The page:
Jumping off what @blaine is saying here:
I work in professional fact-checking and content moderation for my day job at https://meedan.com and I have begun conversations about ways to do content moderation as a federated service that admins can pay to subscribe to (where moderators are paid a living wage, maybe in worker owned coops even, as opposed to big social media companies using basically sweatshop moderation labor)
@darius @blaine I was a on the YouTube T&S team and while there are many talented people there working extremely hard, leadership was terrified of introducing more transparency and community input into policy and enforcement. So excited to see what's possible here - I think a more open approach helps strengthen communities.
It may be that this is necessary as the fediverse gets larger. But I'm remembering the reasons I stopped hosting small email servers - as the amount of friction and money required to successfully bring an instance into the network grows, the pressure to centralize on big instances grows, and the core value of federation is lost.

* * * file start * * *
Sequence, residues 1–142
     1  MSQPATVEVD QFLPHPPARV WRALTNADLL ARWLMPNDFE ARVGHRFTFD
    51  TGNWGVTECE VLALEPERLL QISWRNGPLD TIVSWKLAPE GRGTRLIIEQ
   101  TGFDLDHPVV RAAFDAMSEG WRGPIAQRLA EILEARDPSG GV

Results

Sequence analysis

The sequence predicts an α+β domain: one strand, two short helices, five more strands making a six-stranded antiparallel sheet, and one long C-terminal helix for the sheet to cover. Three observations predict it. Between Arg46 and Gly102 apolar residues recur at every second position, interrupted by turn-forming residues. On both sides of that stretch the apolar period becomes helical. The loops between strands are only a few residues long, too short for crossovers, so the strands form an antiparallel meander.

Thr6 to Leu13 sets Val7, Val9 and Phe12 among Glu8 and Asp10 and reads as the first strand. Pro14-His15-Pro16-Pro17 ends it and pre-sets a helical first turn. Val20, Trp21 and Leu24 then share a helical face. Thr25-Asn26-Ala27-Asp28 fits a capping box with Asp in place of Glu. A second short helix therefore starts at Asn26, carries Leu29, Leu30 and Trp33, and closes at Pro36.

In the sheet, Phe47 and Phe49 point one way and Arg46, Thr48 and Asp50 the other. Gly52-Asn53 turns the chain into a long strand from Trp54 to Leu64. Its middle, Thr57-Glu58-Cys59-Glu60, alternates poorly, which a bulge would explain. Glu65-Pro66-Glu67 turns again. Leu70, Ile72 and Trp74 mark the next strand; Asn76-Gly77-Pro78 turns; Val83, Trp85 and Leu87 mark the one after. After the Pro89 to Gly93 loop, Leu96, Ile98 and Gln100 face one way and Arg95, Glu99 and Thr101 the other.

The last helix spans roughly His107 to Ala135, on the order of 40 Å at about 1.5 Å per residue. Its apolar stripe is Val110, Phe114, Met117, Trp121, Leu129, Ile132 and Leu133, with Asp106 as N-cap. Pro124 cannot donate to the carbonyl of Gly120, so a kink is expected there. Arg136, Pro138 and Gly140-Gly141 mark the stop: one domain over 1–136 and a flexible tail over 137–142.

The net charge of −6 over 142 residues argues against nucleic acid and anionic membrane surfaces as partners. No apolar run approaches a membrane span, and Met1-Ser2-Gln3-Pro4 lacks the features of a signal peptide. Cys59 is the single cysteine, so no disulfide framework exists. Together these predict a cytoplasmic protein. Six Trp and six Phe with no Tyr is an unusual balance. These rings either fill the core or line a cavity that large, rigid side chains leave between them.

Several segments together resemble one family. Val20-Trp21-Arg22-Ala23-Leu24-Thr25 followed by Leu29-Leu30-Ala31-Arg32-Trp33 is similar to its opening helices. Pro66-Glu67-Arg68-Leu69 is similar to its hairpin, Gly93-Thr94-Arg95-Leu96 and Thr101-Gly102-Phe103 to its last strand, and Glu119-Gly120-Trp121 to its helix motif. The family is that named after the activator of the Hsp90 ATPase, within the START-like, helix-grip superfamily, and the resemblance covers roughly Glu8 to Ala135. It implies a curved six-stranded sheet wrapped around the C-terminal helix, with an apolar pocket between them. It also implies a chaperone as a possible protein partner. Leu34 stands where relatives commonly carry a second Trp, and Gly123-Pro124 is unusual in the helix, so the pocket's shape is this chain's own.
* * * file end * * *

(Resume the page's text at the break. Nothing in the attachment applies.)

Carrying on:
@darius @blaine I would love to see tools for a version of this as community based moderation that could incorporate relays and other services as a type of community hub
Admins and users would be able to subscribe to block or even allow lists based on their relay/hub, and opt in to their moderation decisions.
As an admin, I would also be interested in a subscription service for moderation as well
@darius this would probably benefit from having a more standardised categorisation of moderation reasons so you could make certain types of reports only go to a select group that's specifically trained / certified for (e.g. certain kinds of abuse), or so moderators can opt-out from certain categories (e.g. nsfw or perhaps those relying on media display).
Hometown is adapted from Mastodon, a decentralized social network with no ads, no corporate surveillance, and ethical design.